Bluefin Tuna Off California Coast Tainted With Fukushima Radiation (But Scientists Say It's Okay To Eat)
Scientists ran tests on bluefin tuna off the coast of California and found traces of radiation from last year's Fukushima nuclear meltdown.
Scientists examined the muscle tissue of 15 Bluefin tuna who were swimming off the shores of San Diego in August 2011 and were stunned to find traces of caesium-134, according to BBC News. That radioactive element can be directly tied to the Fukushima Daiichi nuclear disaster a few months earlier.
Scientists say these fish were likely spawned in Japanese waters and picked up the pollution before heading to feeding grounds in the eastern Pacific ocean.
"It's a lesson to us in how interconnected eco-regions can be, even when they may be separated by thousands of miles," Nicholas Fisher, a professor of marine sciences at Stony Brook University told BBC News. The study was published in Proceedings of the National Academy of Sciences.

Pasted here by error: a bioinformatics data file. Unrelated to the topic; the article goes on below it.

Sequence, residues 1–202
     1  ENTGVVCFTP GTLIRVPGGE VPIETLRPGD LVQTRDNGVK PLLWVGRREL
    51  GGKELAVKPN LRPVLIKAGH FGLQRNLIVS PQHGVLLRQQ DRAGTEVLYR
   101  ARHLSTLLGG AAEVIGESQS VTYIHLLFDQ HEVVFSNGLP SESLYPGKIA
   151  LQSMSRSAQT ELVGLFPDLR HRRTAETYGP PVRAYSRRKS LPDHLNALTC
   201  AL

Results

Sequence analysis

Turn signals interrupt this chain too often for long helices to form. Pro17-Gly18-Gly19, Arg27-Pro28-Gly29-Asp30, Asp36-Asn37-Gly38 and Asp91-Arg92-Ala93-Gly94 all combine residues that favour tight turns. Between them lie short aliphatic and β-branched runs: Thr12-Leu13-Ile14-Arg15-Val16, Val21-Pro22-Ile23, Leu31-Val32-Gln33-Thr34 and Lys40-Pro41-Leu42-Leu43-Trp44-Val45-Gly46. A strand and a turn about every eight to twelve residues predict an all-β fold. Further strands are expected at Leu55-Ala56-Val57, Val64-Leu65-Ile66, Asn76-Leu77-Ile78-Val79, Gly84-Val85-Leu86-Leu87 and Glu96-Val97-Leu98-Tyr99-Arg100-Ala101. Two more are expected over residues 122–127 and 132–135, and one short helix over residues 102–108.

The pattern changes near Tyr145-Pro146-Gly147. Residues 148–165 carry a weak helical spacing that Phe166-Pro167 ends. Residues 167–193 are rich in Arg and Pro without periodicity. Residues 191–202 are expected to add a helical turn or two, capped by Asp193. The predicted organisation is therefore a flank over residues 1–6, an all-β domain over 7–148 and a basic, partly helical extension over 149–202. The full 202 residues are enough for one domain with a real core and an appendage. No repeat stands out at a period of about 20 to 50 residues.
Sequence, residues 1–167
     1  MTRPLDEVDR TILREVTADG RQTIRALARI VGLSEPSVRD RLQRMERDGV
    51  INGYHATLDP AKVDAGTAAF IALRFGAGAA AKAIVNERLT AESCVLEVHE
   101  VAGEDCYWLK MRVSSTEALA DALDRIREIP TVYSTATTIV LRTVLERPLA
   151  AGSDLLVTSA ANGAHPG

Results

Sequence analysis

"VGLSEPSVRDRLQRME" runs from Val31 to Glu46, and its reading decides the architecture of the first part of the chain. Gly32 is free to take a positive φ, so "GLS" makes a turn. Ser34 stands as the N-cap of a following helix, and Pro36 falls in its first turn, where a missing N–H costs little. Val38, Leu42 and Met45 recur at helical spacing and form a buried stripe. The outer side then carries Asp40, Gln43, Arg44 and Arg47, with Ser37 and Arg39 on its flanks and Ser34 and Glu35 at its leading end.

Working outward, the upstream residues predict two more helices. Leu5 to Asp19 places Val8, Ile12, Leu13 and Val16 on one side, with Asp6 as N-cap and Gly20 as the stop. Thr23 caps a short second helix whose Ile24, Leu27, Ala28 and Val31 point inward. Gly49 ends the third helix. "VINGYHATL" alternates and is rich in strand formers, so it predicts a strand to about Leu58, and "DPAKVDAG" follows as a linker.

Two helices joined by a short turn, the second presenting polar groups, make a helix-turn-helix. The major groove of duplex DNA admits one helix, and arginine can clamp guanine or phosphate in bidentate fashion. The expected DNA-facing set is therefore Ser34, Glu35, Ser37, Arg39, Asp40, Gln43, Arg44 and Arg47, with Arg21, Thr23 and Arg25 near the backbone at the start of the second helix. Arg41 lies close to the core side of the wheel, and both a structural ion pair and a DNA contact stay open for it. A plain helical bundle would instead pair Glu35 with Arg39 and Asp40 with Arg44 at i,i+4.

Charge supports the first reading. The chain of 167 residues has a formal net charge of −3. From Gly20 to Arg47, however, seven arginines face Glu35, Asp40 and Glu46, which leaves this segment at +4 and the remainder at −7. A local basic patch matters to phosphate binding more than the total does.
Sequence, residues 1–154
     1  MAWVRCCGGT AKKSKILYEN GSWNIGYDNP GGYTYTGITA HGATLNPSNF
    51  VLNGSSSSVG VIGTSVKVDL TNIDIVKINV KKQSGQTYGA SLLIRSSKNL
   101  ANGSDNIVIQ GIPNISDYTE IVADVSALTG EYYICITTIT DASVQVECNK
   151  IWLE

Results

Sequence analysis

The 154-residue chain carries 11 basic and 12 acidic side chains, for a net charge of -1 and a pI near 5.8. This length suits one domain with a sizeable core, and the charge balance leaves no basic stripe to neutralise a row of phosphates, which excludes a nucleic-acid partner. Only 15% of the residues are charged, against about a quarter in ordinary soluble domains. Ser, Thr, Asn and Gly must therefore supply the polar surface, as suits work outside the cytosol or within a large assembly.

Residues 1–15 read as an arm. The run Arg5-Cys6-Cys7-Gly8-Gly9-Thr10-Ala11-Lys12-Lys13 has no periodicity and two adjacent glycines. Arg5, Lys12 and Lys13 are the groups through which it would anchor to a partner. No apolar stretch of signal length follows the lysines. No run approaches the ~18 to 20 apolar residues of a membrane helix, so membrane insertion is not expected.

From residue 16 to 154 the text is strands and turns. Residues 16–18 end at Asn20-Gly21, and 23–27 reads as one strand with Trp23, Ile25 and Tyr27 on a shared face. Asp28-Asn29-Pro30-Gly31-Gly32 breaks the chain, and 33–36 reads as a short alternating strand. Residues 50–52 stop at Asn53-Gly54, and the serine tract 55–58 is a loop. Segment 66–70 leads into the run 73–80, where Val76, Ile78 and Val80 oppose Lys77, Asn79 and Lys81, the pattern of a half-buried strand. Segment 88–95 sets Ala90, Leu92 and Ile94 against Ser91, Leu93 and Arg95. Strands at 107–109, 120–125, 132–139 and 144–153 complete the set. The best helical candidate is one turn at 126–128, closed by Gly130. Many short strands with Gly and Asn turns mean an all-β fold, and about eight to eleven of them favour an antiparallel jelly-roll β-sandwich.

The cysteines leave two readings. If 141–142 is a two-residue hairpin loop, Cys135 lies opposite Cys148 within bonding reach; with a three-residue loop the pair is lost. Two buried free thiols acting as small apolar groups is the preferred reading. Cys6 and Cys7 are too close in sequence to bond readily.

Researchers told the BBC News that the California-caught tuna are safe to eat and are well below legal levels of radioactivity. Radioactive caesium was present in the tuna at levels 50 percent higher than background levels while they were in Japanese waters, according to scientists' calculations. But by the time the fish swam to the eastern Pacific, their caesium levels dropped to 3 percent higher than background radiation.
However, tuna caught in coming months will be monitored for radiation levels, since younger fish might have spent more time in Japanese waters and received higher levels of contamination.
One weird thing about the Fukushima radiation is that it has made it much easier for researchers to track the patterns of bluefin tuna with great accuracy.